Graduation is wonderful because everyone is graduating to something. What they are leaving behind is so they can go out and grow more and do more. And there must be leaving behind. But my hope is that, maybe even just in small ways, we can stay together in prayer and in community. That we can help each other, have each others' backs still, and maybe even hold each other accountable when we need it.
We've had an alumni network for awhile. It's pretty much consisted of a yahoogruop that gets used occasionally. And maybe that's all it will continue to be. But I've asked Nicole Walters to be our alumni point person to explore with alumni what this piece of Christ's body could become and what they would like it to become.
Pray for our graduates and their families. It's a great time, but a tough time, too. I give thanks for every minute I've spent with them (yes, EVERY minute!). And maybe, God willing, we can look forward to many more.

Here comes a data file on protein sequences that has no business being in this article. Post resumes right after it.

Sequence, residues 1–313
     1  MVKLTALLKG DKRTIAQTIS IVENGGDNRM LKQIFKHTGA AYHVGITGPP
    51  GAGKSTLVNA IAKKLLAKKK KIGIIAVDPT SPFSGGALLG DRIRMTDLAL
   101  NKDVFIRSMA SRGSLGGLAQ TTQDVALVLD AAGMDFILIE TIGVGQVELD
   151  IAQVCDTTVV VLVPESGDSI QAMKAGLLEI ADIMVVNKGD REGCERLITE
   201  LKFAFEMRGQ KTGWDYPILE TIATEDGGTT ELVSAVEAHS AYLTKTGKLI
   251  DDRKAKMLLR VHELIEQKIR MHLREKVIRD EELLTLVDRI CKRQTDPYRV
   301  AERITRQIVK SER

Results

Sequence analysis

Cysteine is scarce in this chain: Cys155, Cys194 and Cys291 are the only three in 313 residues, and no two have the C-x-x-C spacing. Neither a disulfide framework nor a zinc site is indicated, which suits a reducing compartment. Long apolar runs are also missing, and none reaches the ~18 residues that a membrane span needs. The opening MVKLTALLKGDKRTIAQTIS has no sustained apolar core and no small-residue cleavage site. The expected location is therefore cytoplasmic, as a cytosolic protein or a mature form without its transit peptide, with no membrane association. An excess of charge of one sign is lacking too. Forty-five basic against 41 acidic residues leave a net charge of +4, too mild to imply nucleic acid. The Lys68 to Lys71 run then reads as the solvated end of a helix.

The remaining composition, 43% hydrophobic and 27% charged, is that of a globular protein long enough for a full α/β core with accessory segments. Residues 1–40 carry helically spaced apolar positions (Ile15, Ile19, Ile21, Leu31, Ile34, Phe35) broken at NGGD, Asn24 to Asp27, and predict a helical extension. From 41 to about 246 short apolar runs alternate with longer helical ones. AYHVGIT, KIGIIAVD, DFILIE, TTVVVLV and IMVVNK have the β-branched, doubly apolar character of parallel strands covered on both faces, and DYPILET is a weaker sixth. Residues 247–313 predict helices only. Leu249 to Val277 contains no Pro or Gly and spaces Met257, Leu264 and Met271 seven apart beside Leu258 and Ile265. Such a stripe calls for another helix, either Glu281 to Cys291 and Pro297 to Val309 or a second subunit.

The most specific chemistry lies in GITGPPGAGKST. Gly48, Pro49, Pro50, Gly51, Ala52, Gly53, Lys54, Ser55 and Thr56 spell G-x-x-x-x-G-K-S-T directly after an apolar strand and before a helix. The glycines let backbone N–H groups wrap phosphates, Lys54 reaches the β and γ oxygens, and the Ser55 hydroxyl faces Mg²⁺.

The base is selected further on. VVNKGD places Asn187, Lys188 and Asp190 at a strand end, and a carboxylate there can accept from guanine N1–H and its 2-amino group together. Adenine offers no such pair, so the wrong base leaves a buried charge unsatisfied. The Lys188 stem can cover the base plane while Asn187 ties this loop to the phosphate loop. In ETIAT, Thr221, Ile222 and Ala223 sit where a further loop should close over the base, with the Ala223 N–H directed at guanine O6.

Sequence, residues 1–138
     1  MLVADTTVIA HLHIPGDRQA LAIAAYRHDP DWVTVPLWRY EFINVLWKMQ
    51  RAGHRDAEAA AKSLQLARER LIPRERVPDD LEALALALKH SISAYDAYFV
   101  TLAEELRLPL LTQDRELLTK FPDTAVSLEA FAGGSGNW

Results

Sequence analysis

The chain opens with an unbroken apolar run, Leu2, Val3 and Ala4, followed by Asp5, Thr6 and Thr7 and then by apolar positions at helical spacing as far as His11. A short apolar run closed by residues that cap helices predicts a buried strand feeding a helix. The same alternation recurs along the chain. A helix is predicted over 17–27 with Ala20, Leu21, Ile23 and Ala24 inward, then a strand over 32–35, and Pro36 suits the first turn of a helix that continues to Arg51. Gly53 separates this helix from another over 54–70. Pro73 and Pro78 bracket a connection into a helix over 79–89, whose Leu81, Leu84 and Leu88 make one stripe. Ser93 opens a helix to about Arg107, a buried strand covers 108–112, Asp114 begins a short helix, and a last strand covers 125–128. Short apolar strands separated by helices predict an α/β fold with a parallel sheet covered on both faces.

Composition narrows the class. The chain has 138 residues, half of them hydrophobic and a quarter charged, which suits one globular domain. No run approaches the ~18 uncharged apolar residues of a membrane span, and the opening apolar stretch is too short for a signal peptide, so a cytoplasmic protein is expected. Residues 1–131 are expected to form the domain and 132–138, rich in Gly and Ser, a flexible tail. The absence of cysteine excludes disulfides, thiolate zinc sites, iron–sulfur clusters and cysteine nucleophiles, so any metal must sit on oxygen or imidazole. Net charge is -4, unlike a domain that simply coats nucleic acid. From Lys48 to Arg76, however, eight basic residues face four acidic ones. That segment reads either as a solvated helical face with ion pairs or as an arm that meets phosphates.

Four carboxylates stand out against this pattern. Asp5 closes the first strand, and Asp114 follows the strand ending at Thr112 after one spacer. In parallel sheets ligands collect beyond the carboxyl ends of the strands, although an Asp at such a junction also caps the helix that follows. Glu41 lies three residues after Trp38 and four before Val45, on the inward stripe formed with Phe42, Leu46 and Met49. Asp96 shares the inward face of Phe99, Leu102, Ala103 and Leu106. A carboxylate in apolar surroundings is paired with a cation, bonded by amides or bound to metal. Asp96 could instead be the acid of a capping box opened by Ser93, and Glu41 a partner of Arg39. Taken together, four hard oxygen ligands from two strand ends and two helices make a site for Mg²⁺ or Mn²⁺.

| Mike at 5/19/2004 10:57:00 PM
Saturday, May 15, 2004 Two big events in our larger family today. At the Cathedral, Kirsten Hanson will be received into the Episcopal Church. Reception or confirmation is a big thing ... because even though Kirsten has been such a big part of our community these past four years and her committment to us has been evident, taking vows (as Robin would say "in front of God and everybody") is much more than the wonderful commitment to this group of people in St. Louis ... it's a commitment to a way of life and to the Body of Christ. And it is something to be celebrated. We have always been sister and brother by virtue of her creation as a child of God and by virtue of her baptism into the wider body of Christ ... it's not as if that's new. But what is new is that because of common commitment, we are all walking down a similarly defined road together.